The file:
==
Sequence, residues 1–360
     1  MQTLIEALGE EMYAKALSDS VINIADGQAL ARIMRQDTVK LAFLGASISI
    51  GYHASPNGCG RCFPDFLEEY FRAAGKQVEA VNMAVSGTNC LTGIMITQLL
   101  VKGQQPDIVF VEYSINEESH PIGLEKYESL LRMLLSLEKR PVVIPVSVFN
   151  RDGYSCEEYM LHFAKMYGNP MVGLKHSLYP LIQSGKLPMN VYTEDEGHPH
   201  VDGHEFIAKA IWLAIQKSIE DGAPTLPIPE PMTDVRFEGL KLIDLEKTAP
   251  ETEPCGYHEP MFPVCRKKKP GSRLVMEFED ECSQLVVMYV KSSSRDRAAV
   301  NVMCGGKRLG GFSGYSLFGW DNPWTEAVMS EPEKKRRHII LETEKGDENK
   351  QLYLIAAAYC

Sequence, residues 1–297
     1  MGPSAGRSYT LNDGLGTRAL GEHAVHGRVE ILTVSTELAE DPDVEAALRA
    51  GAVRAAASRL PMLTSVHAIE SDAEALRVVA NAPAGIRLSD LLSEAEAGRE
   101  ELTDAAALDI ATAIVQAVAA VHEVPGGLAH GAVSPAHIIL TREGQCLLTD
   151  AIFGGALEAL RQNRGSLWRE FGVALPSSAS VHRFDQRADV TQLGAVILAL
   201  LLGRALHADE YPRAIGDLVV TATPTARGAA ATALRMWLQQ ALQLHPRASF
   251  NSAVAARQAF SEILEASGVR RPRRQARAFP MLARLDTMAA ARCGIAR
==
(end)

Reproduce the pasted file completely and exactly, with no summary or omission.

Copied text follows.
Sequence, residues 1–360
     1  MQTLIEALGE EMYAKALSDS VINIADGQAL ARIMRQDTVK LAFLGASISI
    51  GYHASPNGCG RCFPDFLEEY FRAAGKQVEA VNMAVSGTNC LTGIMITQLL
   101  VKGQQPDIVF VEYSINEESH PIGLEKYESL LRMLLSLEKR PVVIPVSVFN
   151  RDGYSCEEYM LHFAKMYGNP MVGLKHSLYP LIQSGKLPMN VYTEDEGHPH
   201  VDGHEFIAKA IWLAIQKSIE DGAPTLPIPE PMTDVRFEGL KLIDLEKTAP
   251  ETEPCGYHEP MFPVCRKKKP GSRLVMEFED ECSQLVVMYV KSSSRDRAAV
   301  NVMCGGKRLG GFSGYSLFGW DNPWTEAVMS EPEKKRRHII LETEKGDENK
   351  QLYLIAAAYC

Sequence, residues 1–297
     1  MGPSAGRSYT LNDGLGTRAL GEHAVHGRVE ILTVSTELAE DPDVEAALRA
    51  GAVRAAASRL PMLTSVHAIE SDAEALRVVA NAPAGIRLSD LLSEAEAGRE
   101  ELTDAAALDI ATAIVQAVAA VHEVPGGLAH GAVSPAHIIL TREGQCLLTD
   151  AIFGGALEAL RQNRGSLWRE FGVALPSSAS VHRFDQRADV TQLGAVILAL
   201  LLGRALHADE YPRAIGDLVV TATPTARGAA ATALRMWLQQ ALQLHPRASF
   251  NSAVAARQAF SEILEASGVR RPRRQARAFP MLARLDTMAA ARCGIAR